Railing as I do against the greed here in Indonesia, it’s salutory to be reminded that there is selfishness throughout the world.

    And good people too.

    Again, thank you.

  53. Anonymous says:

    Thank you for the story. Keep your breviary. We need the wilderness as much as we need the promised land.

  54. Anonymous says:

    Like St. Photini at the well, Maria has been given the Living Water and will never thirst again. Your sorrow for her and for yourself will be healed one day. Thank you for reminding us all of what it is to be human.

  55. Two Dolphins says:

    Dear Waiter,
    “Death and Life are in the power of the tongue” (Prov. 18:21.)

    Think now on how many, many people have wispered a prayer for Maria. Is she without friend or family in the larger view? She is not lost-she is not alone.

    Has that nurse escaped her very poor judgement? We all now know.

    You still are a disciple that God is wispering to. God Speed to you! Thank you.

  56. Two Dolphins says:

    Dear Waiter,
    “Death and Life are in the power of the tongue” (Prov. 18:21.)

    Think now on how many, many people have whispered a prayer for Maria. Is she without friend or family in the larger view? She is not lost-she is not alone.

    Has that nurse escaped her very poor judgement? We all now know.

    You still are a disciple that God is whispering to. God Speed to you! Thank you.

  57. Jen says:

    Wow. Just, wow.

  58. bihari says:

    I used to be a hospice nurse, and every time I came off a shift I ran through a lot of these same thoughts. Only you articulated them better. Thanks.

  59. Jared Cramer says:

    As a seminarian and waiter, thanks.

  60. Heretic says:

    This is why I left the medical field
    too many times seeing the dying, scred and alone
    And either no one gave a damn orit was against hospital policy to do simple things.
    There was a woman on our ward. She attempted suicide. The sign on her records said ‘no verbal contact’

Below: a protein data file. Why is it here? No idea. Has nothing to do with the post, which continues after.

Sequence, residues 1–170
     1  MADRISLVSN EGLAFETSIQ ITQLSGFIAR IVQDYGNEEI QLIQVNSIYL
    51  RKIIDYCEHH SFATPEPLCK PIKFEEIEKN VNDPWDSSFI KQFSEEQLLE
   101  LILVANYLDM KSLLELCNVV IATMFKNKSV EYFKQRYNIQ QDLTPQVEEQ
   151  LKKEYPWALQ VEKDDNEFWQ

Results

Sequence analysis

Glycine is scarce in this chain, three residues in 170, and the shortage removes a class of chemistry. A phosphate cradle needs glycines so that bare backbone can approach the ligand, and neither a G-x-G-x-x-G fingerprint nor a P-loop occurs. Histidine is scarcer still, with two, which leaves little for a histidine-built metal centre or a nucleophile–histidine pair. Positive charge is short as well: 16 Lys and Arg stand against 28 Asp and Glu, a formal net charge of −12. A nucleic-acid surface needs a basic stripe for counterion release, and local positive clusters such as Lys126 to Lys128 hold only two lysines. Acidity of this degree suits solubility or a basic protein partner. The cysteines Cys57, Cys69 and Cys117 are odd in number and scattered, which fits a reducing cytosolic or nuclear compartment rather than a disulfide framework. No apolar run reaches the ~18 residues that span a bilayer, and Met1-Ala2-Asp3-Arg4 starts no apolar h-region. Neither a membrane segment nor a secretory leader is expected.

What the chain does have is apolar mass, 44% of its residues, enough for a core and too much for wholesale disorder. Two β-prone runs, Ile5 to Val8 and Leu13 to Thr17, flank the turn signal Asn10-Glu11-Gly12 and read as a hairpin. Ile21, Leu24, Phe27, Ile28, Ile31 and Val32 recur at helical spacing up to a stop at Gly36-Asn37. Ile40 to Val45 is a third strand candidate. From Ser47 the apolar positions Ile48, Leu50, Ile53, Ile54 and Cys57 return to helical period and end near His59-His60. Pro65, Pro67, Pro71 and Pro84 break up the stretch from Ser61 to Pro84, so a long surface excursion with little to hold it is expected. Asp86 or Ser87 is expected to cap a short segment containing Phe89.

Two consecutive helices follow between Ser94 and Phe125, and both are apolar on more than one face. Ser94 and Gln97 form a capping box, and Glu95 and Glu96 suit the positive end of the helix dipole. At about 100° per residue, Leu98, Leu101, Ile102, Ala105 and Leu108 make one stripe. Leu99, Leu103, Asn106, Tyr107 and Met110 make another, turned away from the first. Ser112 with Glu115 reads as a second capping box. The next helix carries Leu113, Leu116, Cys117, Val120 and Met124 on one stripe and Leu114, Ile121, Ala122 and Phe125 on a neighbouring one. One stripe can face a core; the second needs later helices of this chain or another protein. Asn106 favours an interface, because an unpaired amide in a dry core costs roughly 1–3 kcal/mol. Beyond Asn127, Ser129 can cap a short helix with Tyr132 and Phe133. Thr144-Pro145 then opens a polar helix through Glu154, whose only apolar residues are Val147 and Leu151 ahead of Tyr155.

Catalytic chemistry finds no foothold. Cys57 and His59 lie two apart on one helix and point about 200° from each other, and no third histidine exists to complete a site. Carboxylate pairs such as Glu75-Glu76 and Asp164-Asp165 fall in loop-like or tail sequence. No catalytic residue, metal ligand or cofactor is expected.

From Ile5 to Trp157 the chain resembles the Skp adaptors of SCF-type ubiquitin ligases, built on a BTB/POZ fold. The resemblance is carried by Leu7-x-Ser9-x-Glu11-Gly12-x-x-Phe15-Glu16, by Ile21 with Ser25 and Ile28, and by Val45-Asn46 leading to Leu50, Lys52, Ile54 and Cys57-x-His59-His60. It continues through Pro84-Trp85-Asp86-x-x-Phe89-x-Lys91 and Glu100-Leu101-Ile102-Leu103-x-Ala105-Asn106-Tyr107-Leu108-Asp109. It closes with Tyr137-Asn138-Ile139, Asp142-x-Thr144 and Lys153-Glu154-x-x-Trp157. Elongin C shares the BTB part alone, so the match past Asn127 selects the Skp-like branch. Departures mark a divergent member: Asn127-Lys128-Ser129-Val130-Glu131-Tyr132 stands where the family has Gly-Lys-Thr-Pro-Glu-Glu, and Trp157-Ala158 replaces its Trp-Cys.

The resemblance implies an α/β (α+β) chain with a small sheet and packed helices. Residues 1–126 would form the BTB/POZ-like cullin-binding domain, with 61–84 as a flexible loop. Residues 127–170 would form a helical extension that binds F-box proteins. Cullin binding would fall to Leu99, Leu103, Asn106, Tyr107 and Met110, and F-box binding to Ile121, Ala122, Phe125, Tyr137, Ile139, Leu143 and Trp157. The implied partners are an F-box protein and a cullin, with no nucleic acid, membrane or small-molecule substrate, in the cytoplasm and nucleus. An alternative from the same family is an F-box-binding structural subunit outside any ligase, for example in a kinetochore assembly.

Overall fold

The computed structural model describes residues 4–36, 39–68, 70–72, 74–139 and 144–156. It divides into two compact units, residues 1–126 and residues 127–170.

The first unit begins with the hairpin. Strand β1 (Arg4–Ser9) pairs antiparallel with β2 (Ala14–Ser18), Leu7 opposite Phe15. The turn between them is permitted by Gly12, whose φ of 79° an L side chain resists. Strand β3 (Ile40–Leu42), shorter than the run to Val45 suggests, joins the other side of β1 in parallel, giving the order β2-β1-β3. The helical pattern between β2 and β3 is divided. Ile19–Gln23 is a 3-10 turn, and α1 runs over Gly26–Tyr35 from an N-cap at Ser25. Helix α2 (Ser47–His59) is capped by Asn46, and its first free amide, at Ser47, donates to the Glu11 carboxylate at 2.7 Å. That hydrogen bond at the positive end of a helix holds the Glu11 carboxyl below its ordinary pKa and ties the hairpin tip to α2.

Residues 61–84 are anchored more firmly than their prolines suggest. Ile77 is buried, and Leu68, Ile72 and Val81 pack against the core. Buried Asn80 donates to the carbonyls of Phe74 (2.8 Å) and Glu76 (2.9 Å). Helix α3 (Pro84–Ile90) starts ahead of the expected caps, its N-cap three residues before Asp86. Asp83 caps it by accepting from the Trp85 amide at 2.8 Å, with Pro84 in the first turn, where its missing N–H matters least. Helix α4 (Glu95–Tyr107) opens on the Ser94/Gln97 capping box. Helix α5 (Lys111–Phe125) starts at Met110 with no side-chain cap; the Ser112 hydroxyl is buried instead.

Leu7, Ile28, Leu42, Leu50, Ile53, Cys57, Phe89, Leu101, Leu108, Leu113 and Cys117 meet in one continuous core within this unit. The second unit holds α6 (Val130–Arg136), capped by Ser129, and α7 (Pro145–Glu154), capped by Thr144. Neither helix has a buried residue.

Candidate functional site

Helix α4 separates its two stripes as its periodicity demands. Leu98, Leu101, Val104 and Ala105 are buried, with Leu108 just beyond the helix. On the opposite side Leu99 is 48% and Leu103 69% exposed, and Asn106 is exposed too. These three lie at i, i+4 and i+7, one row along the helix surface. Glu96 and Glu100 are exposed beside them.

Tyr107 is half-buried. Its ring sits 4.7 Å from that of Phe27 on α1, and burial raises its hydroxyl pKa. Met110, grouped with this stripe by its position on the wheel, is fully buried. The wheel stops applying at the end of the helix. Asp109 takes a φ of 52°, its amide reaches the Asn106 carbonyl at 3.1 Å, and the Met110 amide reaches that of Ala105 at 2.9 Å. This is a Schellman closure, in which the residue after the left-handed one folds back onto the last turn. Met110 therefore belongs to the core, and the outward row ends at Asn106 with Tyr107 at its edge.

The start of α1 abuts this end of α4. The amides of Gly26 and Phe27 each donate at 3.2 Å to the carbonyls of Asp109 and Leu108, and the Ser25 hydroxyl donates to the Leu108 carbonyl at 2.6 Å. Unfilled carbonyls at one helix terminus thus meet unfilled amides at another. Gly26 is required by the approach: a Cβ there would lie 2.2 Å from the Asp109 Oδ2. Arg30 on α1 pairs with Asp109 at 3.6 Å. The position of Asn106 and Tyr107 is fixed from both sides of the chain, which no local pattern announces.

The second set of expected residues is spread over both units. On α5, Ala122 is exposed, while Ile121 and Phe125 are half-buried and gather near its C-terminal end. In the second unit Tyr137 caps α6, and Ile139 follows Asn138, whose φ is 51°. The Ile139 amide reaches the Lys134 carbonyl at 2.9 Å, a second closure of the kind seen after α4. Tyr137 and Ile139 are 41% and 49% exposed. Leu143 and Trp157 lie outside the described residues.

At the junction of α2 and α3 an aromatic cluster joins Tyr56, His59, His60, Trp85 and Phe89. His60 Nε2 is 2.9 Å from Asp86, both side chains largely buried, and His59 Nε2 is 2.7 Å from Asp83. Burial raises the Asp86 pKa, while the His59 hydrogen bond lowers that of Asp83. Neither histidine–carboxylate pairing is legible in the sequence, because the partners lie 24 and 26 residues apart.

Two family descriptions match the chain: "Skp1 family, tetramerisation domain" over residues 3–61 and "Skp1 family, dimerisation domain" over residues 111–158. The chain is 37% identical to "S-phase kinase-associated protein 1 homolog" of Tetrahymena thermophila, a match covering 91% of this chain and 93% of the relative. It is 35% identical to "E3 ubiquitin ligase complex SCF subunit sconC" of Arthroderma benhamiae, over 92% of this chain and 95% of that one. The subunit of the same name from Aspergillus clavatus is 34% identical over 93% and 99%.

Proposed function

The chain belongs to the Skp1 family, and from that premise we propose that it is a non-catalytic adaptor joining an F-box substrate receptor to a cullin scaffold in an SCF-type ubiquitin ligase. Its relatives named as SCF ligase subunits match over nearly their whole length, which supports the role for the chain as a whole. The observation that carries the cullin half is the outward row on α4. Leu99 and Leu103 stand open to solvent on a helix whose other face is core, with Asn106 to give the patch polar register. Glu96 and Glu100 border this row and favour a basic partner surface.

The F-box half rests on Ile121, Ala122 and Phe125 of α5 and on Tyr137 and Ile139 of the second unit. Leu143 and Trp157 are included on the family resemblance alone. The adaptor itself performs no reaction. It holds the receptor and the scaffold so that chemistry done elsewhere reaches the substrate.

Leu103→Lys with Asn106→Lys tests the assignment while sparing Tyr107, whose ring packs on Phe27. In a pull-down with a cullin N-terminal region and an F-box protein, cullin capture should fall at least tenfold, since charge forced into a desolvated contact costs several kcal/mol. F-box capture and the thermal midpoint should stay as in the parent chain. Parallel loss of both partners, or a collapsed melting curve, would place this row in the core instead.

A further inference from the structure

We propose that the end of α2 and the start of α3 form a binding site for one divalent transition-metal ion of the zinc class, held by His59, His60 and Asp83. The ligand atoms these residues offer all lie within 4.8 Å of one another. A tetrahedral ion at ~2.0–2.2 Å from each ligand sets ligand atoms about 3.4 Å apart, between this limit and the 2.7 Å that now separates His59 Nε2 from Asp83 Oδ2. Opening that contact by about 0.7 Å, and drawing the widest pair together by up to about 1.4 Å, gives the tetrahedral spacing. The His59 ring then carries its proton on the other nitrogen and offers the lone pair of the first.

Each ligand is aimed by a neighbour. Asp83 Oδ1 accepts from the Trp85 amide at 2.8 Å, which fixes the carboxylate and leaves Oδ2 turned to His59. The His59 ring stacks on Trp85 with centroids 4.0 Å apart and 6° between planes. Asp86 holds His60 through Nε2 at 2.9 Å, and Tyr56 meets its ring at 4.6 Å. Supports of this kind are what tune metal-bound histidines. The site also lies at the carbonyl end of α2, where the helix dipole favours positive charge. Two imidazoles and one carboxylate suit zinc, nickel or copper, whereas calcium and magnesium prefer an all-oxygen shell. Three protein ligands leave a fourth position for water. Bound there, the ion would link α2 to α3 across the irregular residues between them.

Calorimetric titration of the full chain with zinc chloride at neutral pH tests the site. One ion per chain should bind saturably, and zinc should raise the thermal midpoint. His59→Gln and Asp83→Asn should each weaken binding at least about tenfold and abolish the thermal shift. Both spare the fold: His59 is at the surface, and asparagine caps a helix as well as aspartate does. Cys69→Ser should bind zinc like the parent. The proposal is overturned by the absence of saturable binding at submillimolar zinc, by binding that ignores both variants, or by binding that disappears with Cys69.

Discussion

We we never supposed to talk to her. You know how hard it is to trake care of someone and not talk to them?
    She commited suicide a week later

  61. Jason L says:

    Sad story . Maria is a precious child of God .

    The weirdly uncharitable,brusque doctors and nurses in this weird, chintzy decade should hang their heads in shame . There are good doctors and nurses out there, but the ones that are cold and businesslike and don’t want to be too bothered with questions and requests from the patient ought to be told off .

    Thank you for sharing this anecdote. May the memory of all Maria’s days be ever kept and never fade .


  62. gcotharn says:

    Wonderful story. Thanks for sharing it.

  63. Dorko says:

    His ways are not our ways ~ Thank you for this. Glad to see you’re getting on with God better. I asked him, once why the injustus & inequities…? He reminded me He’s not the only one working here… He also reminded me that all things, eventually work together for the good of those that love Him. He’s bessed you with many talents, waiter-man… may you continue to grow and to magnify ~ love.

  64. Lorna says:

    Thanks for sharing this. It was heartbreakingly beautiful.